Currently, triathlon membership and participation is higher than at any other time. This huge wave of interest is seeing thousands of participants taking on the unique sporting challenge that starts with swimming, progresses to biking and finally ends with running.
Each event in the triathlon has its unique challenges. Therefore, each athlete must give adequate preparation to all events. Here are some triathlon training tips for the bike and run events:
1. Triathlon Training Tips For The Bike Event
The cycling leg requires special skill both in physical conditioning as well as handling the equipment used in this portion of the race.
(i) Selecting The Best Bike Fit
A proper bike is a critical component in the cycling event. In selecting the best bike, a novice must always consider comfort, rather than style. For such an athlete, a basic road bike would be far more beneficial than a specially designed triathlon bike. Although a time-trial bike has the capacity for higher speeds, it would require rigorous training and polished handling skills, which a beginner may not have. Have a look online for the right bike for you; there are many high end bikes such as Scott bikes available that can help with your training.
With continual use of a basic road bike, a beginner would develop his/ her bike-handling skills. The comfort and control provided by this bike also reduces chances of injury, while keeping the experience safe and enjoyable. More specific personal needs may be addressed by professional experts who are always willing to give useful triathlon training tips.
On the other hand, an experienced athlete should take advantage of the specially designed geometry and fit of the triathlon bike. Such a bike is designed to give faster speeds owing to the aero bars and aggressive body positioning.
(ii) Allow Adequate Time For Training
The amount of time you need to train would depend on the triathlon bike leg distance. Generally, the longer the triathlon cycling distance, the more time you need for training. If you intend on participating in the Ironman and Olympic distance races, training may require several months. However, a sprint distance covering 12 to 18 miles doesn’t require such an extensive training period.
As you train for the triathlon bike leg, you must also keep in mind the run leg thereafter. Proper bike training will prepare you physically for the cycling leg, but also provide you with energy reserves for the run leg. An important factor to consider before training is your initial fitness level, which will give you an indication of the feasibility of whichever distance you intend to train for.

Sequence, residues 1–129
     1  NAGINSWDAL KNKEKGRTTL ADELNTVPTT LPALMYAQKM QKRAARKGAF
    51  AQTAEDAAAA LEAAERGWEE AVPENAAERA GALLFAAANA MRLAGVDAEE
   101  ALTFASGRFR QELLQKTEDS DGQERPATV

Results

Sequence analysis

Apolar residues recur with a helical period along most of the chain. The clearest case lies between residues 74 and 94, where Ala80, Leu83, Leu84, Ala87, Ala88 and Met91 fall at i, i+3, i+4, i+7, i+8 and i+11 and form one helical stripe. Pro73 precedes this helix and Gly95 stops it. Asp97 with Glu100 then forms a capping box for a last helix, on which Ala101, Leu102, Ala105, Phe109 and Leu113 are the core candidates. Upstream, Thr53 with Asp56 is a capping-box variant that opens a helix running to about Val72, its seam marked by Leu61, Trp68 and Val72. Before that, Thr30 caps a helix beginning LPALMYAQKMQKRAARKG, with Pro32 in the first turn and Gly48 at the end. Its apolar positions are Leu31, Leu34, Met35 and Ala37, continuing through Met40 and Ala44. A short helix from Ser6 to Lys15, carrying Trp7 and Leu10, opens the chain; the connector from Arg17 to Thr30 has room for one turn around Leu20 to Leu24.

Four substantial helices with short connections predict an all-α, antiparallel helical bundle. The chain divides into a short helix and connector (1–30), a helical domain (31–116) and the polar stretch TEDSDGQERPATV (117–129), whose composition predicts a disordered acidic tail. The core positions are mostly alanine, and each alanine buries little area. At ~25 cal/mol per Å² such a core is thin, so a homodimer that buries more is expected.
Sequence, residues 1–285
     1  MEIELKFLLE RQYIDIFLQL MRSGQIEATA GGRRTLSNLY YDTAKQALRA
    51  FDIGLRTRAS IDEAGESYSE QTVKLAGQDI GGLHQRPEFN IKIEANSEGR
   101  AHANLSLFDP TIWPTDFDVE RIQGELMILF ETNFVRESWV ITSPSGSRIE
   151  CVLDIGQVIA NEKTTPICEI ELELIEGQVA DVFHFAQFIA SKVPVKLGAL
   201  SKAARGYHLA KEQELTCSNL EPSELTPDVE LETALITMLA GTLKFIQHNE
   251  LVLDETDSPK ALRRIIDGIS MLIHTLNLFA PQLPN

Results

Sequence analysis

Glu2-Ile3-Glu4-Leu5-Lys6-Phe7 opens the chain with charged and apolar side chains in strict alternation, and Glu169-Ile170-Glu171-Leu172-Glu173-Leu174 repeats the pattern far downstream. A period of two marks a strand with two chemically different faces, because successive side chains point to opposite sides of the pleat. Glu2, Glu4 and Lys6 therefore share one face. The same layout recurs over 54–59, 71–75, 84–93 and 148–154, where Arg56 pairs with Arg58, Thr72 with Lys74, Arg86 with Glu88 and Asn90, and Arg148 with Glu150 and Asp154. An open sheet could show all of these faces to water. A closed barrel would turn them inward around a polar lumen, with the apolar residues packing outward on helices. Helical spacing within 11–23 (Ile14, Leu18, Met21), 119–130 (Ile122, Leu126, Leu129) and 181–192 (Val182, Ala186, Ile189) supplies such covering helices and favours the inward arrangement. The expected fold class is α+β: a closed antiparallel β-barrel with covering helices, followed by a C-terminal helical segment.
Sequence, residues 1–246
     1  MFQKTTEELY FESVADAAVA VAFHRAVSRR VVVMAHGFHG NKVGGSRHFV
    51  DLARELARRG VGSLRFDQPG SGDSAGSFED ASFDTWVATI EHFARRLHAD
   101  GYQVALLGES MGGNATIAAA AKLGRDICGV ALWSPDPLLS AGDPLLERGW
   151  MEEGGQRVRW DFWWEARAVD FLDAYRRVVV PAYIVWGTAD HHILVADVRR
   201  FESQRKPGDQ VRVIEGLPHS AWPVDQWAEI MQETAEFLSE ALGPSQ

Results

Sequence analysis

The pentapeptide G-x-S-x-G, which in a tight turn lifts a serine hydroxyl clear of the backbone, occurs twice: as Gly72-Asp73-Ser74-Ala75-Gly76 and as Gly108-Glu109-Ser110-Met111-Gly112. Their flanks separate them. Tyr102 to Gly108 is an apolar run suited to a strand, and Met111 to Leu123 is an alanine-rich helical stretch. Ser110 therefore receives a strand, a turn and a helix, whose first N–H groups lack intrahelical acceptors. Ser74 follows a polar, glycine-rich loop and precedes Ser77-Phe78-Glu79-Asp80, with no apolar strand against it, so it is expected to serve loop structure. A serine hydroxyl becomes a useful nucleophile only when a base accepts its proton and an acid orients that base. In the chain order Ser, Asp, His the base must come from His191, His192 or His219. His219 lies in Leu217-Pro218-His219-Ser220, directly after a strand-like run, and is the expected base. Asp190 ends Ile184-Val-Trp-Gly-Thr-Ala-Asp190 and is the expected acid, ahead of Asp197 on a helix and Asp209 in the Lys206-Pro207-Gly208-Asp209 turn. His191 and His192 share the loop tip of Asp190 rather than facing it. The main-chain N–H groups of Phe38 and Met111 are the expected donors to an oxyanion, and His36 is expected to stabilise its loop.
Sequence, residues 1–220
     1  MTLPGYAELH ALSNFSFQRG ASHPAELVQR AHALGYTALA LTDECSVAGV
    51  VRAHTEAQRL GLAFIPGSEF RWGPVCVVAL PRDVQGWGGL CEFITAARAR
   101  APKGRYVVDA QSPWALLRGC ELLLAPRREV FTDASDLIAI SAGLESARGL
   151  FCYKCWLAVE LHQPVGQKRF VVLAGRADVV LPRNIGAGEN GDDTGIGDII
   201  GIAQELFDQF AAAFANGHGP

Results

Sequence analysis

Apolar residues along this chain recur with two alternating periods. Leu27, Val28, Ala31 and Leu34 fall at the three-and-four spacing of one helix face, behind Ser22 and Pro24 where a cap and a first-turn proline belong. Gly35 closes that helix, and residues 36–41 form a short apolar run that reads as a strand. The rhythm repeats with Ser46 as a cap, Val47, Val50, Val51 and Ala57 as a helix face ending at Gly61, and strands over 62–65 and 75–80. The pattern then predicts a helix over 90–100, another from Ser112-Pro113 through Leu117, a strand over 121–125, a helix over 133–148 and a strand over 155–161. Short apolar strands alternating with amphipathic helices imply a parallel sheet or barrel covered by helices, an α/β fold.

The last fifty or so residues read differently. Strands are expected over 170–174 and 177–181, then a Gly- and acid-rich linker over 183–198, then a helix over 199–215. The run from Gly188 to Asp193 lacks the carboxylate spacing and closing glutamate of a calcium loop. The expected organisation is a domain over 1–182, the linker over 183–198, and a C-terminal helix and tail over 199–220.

Beginners may comfortably handle one or two weekly cycling sessions in the build up to a race. More experienced athletes training for longer and more challenging races require more cycling sessions with longer durations per session.
(iii) Benefits Of Proper Triathlon Bike Training
Since triathlons involve three events, proper training for the cycling leg will not only improve your performance in it, but also increase your capacity in handling the subsequent leg. A well-planned training program will help reduce fatigue during and after the cycling leg. Most of all, such training improves your aerobic capacity, which gives you the energy to last though a long event.
Training within a group is essential in equipping you with useful pack riding techniques. Specific group training sessions also prepare you to maintain certain distances between yourself and other riders. This is particularly useful in races that prohibit athletes from drafting off others.
(iv) Variety In Training
An important aspect in all triathlon training tips is the inclusion of variety in your workouts. Having a variety of workout routines will prepare you adequately for the varied conditions encountered in different triathlon events. For instance, training on a hilly terrain similar to the expected conditions in the actual race will build your capacity to excel in such conditions.